With the Glenburn House in rural Australia, Sean Godsell perfects an ecofriendly prototype.
Architects & Firms
Glenburn, Victoria, Australia
Record Houses 2008
At Glenburn, a rural area 90 minutes northeast of Melbourne, the relationship between the house and the water is reinterpreted. The box is presented as a ship slicing through swells of earth. Instead of facing water, here the house’s long, northeastern flank provides views from the living areas and the guest room to the distant heights of Australia’s Great Dividing Range—the mountains that separate the populated eastern littoral from the desert interior of the island continent.
In contrast to the house’s straightforward shape, a looping, picturesque arrival route from the Melba Highway (named for a 19th-century opera star from Melbourne, Dame Nellie Melba) leads you to the building through a valley to the northeast of the site. Viewed from a distance, the rust-red steel box looks huge as it breasts the slopes. The winding road, however, leads to high ground behind the house, where, down a long gully, you see the volume’s midsection opening to the southwest. Parking the car, the house has remarkably shrunk to the size of a two-car garage.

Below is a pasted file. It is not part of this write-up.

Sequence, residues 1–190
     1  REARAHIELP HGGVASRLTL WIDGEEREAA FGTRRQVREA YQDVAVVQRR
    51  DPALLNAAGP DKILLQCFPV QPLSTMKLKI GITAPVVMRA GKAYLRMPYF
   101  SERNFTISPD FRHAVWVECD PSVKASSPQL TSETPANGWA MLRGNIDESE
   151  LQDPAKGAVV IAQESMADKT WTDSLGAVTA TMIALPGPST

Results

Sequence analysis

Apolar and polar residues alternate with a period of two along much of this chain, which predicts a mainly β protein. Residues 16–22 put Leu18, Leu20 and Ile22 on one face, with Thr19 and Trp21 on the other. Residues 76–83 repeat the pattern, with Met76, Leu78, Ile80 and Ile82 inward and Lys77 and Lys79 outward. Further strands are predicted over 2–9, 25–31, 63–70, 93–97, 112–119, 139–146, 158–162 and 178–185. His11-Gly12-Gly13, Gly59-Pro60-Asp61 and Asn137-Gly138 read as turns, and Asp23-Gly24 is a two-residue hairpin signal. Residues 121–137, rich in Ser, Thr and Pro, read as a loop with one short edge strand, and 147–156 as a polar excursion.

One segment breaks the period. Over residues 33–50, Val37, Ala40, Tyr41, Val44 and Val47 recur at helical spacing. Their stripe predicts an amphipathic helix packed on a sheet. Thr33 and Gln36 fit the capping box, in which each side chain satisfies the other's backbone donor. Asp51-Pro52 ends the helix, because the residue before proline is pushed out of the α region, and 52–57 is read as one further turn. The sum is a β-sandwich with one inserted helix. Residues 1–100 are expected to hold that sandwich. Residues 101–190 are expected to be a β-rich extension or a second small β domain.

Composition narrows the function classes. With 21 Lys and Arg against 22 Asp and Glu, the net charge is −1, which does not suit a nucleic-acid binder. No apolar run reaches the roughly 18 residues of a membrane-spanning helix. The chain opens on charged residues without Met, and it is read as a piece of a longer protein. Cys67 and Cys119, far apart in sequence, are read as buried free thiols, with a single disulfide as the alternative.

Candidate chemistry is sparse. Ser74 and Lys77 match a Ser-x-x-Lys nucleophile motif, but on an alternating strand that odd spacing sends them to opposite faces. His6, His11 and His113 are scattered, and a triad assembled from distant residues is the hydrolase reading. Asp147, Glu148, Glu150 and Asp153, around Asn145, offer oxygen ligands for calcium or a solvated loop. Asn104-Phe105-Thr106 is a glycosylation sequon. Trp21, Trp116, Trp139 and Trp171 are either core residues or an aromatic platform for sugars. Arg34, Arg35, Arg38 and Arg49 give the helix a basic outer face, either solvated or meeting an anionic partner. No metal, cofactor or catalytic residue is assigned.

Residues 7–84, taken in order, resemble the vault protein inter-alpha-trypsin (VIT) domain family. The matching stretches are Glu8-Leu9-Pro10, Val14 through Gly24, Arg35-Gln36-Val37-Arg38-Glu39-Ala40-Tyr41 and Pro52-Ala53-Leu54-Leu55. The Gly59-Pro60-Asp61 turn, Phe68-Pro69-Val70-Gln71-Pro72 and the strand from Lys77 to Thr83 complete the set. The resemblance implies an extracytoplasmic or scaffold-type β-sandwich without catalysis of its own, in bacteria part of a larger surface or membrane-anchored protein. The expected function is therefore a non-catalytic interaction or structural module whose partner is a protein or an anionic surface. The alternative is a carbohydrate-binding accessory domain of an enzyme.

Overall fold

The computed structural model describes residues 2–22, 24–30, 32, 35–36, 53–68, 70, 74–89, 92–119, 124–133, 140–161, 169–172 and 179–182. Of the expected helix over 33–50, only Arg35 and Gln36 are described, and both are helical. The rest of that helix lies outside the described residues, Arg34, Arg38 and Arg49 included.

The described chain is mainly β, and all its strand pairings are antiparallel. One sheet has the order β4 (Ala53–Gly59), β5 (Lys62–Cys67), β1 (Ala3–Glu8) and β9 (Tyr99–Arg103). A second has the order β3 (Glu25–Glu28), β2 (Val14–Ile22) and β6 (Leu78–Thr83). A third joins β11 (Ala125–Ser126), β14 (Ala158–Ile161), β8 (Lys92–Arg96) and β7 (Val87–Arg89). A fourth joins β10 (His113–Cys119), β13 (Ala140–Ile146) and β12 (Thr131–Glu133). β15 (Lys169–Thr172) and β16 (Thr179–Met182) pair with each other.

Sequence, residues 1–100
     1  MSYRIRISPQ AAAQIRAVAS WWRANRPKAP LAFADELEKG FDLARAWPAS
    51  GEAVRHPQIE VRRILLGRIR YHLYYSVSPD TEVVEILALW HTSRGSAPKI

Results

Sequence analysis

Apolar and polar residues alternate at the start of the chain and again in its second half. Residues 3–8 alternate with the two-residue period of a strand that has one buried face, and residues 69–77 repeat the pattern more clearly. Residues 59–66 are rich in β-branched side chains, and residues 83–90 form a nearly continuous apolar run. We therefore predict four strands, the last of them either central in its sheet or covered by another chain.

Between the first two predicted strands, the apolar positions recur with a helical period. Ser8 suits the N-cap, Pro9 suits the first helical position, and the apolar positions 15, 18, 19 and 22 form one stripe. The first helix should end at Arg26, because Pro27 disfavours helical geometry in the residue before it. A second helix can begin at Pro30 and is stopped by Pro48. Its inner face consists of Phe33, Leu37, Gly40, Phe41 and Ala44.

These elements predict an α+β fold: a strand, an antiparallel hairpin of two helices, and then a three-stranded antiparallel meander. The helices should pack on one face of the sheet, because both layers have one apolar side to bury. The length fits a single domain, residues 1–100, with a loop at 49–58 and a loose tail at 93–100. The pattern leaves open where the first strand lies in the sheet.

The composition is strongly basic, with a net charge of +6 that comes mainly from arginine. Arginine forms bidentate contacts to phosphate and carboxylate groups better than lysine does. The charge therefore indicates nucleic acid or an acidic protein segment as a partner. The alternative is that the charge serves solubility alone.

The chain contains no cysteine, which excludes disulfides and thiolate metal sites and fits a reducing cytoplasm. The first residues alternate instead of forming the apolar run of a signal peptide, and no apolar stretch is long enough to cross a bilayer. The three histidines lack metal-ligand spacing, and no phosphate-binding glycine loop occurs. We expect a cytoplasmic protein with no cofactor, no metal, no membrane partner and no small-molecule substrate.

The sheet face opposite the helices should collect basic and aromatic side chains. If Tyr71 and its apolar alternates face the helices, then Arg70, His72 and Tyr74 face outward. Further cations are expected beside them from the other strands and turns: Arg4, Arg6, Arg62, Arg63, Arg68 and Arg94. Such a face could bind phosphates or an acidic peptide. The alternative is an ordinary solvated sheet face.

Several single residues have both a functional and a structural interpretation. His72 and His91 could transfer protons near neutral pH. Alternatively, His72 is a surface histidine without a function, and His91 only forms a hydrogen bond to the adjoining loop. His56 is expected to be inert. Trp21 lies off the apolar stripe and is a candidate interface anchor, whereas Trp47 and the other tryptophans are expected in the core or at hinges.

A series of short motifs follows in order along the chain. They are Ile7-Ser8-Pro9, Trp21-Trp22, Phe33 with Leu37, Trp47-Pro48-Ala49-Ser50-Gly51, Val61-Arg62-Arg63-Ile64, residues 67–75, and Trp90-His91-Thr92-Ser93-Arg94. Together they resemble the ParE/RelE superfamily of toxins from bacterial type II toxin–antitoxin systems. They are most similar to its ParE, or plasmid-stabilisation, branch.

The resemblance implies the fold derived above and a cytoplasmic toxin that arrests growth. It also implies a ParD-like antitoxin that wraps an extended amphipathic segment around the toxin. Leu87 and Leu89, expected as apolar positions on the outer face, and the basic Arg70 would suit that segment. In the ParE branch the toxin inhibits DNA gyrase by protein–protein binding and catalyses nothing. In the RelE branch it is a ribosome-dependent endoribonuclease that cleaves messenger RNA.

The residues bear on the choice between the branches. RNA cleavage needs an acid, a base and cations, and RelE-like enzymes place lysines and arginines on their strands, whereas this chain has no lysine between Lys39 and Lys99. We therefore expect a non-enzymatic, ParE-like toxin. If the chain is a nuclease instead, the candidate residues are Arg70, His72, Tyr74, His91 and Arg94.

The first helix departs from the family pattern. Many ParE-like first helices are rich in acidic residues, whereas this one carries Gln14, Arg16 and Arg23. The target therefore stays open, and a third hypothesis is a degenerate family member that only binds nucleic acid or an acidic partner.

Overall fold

You can enter the house through the garage via a mudroom, or stride along the northeastern front to the formal entry placed midway along the box. This entrance cuts through the plan along a central axis and leads to another opening, which allows access to that long gully earlier glimpsed. Inside, the program of the residence should be simple—the living, dining, sleeping, and bathing areas are meted out within a rectangle—and yet, much as the procession to the house plays with your perception, the interior is equally surprising.